While concentrating the data and voice traffic of many customers into a single multiplexed digital stream offers efficiency improvements, it may create some more concentrated potential points of failure. Because basic native 0-4 KHz POTS service is generally considered a lifeline service demanding high reliability, there may be some justifications for not digitizing and multiplexing all the native 0-4 KHz POTS communication from subscribers. The embodiments of the present invention also will work if the native POTS communication is not digitized, but is instead carried back to a corresponding POTS line card in a CO or DLC for each of the subscriber loops with both native POTS and DSL service that are connected to the conversion equipment 5550, 6550, or 7550. Generally, the DSL data service provided from the conversion equipment 5550, 6550, or 7550 has lower reliability requirements than lifeline POTS service. Thus, the DSL data traffic from multiple customers generally would be multiplexed together and inverse multiplexed over multiple loops, even though a native 0-4 KHz POTS service for a customer might not be multiplexed in with this DSL data.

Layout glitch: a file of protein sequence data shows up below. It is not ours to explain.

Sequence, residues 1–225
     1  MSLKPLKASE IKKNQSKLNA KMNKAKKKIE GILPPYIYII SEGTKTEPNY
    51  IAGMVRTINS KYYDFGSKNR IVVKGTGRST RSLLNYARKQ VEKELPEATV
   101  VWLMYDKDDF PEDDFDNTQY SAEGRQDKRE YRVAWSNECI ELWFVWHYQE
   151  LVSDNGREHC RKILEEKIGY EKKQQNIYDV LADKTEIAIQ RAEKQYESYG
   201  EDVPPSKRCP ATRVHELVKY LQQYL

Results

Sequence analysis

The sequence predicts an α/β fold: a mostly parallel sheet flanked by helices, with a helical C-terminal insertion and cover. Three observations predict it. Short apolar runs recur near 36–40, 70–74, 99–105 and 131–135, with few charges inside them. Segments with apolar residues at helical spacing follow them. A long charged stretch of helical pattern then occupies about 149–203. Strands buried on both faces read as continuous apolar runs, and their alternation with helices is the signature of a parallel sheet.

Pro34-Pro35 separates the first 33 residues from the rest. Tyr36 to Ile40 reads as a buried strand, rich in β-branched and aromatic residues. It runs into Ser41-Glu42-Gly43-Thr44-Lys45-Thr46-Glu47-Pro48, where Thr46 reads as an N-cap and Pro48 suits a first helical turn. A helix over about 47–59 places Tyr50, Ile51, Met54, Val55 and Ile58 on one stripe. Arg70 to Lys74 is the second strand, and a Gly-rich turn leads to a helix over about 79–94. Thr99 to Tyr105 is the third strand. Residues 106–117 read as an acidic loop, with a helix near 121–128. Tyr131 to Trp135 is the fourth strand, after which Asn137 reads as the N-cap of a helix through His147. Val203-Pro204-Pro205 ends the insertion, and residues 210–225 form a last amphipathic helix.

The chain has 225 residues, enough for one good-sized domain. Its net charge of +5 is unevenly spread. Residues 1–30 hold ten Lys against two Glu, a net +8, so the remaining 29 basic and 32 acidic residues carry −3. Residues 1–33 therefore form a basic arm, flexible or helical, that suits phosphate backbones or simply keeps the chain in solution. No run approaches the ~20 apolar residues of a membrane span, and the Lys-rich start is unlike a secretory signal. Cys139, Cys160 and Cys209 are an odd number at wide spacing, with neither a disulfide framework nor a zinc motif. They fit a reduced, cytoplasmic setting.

One skilled in the art will be aware that there often are various trade-offs with different multiplexing strategies that affect criteria such as, but not limited to, efficiency, reliability, and/or security. Generally, the DSL data service and the native 0-4 KHz POTS service have different reliability criteria for most customer situations. However, the reliability criteria certainly can vary from customer to customer. Thus, embodiments of the present invention certainly could be configured to allow different customer-by-customer policy decisions for the multiplexing techniques (or lack thereof) to handle a particular customer's voice and/or data communication, while meeting the various performance criteria demanded by the customer.